When the alarms went off and the lockdown locked down, Valerie had been in Thag's office, trying to find a suitable instructional video about ancient curses on YouTube.
"I think we were right about this place being cursed," she said, shouting over the klaxon.
"Yeah, I gathered," said the perpetually exasperated Thag, turning on his phone-light. "And now the internet has gone down. Great."
"What do we do now?"
"Me?" Thag said. "I'm HR Manager, so I'd better get to work saving peoples' lives and trying to stop the curse. You? You've been very helpful, but this isn't really your responsibility. You can just hide out here in my office, if you like."
The doors were opened and the crowds slowly entered Trilobite Park. How they ooh-ed and aaah-ed with vague disbelief at the weird looking bug things in their tanks. For about five minutes. And then they sighed and settled in to look at more tanks of bugs, and realised that they kind of had to keep looking.
Phones were consulted. Watches were checked.
Valerie pushed her way through the crowd, looking for Thag. She found him by the cafeteria, chewing on a vanilla slice like it was a piece of rubber, manly tears in his heavy-lidded eyes. After Valerie greeted him, with obvious relief he threw the slice at the nearest bin. It bounced off at a weird angle, hitting him in the elbow and causing him to bite his lip. ...continue reading "Trilobite Park –Chapter 8: Continuing Difficulties"
The flows of water were strange and unnatural – but no more so than the flows of time that surrounded it. This place – where was it? It was not the sea floor. Where else was there but the sea floor? And the era… How could the era be wrong? What could it mean?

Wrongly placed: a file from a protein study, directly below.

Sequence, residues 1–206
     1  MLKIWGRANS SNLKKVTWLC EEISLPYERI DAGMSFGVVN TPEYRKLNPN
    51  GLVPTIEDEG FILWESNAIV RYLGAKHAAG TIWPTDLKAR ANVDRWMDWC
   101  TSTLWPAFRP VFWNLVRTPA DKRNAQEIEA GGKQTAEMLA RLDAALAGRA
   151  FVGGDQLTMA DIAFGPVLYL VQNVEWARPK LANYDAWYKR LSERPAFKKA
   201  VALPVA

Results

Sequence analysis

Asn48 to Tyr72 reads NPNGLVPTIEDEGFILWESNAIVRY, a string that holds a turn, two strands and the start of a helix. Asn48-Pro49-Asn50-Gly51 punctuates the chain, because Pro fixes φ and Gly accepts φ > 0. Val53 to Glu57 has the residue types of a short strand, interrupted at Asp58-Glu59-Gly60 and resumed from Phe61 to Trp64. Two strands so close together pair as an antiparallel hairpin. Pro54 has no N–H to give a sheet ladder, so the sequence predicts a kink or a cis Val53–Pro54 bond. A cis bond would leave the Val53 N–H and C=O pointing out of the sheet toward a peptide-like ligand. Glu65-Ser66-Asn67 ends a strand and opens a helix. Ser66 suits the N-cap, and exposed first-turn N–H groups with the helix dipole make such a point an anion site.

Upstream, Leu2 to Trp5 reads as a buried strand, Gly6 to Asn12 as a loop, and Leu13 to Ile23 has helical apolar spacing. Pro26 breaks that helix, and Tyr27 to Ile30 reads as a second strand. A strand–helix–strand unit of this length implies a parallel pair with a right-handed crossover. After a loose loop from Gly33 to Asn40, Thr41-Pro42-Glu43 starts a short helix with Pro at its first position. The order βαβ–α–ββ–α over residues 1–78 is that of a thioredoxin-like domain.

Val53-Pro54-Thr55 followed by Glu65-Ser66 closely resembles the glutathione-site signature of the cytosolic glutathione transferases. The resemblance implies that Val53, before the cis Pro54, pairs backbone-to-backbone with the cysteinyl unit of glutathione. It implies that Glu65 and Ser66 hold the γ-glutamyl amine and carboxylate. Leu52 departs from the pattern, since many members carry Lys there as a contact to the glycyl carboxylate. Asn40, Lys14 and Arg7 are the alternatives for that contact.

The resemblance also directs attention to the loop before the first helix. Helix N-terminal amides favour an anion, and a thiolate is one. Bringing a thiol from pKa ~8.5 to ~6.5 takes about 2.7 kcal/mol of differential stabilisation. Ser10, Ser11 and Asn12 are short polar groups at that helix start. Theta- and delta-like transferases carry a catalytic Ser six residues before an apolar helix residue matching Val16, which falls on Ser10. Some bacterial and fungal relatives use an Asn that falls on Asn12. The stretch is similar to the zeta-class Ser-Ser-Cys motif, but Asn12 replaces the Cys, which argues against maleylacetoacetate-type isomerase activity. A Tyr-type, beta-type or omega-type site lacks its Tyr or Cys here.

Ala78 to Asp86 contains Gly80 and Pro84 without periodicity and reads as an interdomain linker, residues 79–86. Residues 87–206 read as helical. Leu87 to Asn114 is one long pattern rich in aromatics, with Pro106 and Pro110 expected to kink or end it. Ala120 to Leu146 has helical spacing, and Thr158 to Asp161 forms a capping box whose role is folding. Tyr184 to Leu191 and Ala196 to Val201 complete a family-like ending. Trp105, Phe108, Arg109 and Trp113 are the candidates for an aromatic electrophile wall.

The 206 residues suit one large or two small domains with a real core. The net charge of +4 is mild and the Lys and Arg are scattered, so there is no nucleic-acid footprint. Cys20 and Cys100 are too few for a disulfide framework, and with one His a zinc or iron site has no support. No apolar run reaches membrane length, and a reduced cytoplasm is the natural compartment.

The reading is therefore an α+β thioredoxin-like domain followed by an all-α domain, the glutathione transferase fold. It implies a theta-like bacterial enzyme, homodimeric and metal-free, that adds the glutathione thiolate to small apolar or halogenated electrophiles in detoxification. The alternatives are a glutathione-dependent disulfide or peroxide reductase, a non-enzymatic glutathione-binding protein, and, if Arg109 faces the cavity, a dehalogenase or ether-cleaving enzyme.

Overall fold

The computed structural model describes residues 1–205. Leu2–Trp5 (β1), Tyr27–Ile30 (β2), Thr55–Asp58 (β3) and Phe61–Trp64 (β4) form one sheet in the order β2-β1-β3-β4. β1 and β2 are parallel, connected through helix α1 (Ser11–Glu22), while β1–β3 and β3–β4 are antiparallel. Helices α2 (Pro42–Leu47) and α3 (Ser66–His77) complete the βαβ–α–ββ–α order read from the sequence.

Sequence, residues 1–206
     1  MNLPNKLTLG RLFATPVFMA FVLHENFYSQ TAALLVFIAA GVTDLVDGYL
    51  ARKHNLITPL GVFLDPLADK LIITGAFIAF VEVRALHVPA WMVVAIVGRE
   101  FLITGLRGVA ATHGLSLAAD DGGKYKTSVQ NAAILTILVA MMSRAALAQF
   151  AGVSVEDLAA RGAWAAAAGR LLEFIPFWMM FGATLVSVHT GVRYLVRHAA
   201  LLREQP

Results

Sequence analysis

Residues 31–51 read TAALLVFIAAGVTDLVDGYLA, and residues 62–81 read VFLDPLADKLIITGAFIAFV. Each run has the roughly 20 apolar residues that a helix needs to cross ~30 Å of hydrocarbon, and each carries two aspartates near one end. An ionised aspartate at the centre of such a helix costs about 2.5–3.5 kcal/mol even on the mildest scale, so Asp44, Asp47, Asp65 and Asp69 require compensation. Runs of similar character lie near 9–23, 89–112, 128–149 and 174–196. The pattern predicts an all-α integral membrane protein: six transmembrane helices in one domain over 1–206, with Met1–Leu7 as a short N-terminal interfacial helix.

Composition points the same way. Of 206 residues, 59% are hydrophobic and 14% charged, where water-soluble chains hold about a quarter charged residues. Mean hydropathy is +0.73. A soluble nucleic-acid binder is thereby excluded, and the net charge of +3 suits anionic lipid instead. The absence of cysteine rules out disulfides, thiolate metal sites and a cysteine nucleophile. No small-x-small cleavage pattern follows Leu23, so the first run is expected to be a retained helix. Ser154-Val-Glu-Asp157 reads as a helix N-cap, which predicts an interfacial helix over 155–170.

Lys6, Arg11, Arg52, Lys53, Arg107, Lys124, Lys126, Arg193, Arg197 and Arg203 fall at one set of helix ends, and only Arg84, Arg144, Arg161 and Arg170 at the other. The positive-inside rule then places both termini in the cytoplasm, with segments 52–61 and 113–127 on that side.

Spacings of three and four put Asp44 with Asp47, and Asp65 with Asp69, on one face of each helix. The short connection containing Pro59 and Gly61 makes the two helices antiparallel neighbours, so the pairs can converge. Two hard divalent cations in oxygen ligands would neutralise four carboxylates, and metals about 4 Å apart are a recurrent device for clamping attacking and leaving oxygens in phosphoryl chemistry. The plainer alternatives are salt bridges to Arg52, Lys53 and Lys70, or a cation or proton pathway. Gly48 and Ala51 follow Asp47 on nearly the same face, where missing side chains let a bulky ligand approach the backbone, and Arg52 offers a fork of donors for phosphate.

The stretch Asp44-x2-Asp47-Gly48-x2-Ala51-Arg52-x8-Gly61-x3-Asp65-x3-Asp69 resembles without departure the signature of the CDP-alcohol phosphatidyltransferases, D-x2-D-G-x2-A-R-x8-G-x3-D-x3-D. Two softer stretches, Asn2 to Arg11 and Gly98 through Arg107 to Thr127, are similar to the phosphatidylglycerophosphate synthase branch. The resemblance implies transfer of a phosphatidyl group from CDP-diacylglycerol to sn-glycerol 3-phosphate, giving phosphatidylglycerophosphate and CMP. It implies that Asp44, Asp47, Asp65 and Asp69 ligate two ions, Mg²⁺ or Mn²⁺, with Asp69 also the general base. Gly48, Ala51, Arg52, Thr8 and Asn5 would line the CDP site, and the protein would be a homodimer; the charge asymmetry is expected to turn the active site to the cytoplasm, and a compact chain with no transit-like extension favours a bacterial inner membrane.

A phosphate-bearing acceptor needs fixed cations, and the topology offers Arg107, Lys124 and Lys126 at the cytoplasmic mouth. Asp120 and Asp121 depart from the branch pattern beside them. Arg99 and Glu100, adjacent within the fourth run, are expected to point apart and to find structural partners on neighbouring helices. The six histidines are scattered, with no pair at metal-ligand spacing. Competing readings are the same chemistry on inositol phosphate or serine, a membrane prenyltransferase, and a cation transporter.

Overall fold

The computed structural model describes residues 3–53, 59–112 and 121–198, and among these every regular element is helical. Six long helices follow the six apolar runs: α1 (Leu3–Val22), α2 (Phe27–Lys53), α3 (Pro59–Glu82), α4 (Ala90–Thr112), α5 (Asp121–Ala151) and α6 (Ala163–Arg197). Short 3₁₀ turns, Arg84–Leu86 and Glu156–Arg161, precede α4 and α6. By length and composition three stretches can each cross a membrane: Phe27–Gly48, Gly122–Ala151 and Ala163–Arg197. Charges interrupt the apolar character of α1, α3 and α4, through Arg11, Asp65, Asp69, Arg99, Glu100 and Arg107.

June's heart leapt in her chest when she finally got to see the trilobites, for truly they are the most majestic of creatures. Somewhere between a slater bug and a cockroach, with just a hint of prawn, they scuttled slowly over the artificial seafloor at the bottom of the massive display tanks on level one.
"My God," she said. "I've never seen anything so beautiful!"
Dr June Kim could hardly believe her luck. Trilobites! An entire museum dedicated to trilobites and her, June Kim the chief educational officer! but no – it was not just a museum. It was a zoo. An aquarium full of real, live trilobites! Her whole life had been leading to this job. She smiled internally, all the while maintaining a businesslike expression.
"This is where your office will be," Thag said, as he pointed to a semi-completed room, not very dissimilar to the dozens of other semi-complete rooms in the construction site. "Adjacent to it is the main education room. This is where you will interact with school groups, et cetera."
Thag was a short, burly, dark-skinned man with a thick beard, a heavy brow and a perpetually annoyed look. June had met him once before, when she had been studying at the University of Sydney. This had been shortly after Thag had been thawed from a glacier and was still being shown off at paleontology departments around the world. Thag had stuck in her memory as the only Neanderthal she had ever met, but he hadn't remembered her at all. Granted, he must have met hundreds of science undergrads before he'd tired of being a valuable specimen and left to study Human Resources management at the University of the Gold Coast. ...continue reading "Trilobite Park — Chapter 1: Things Start Out Suboptimally"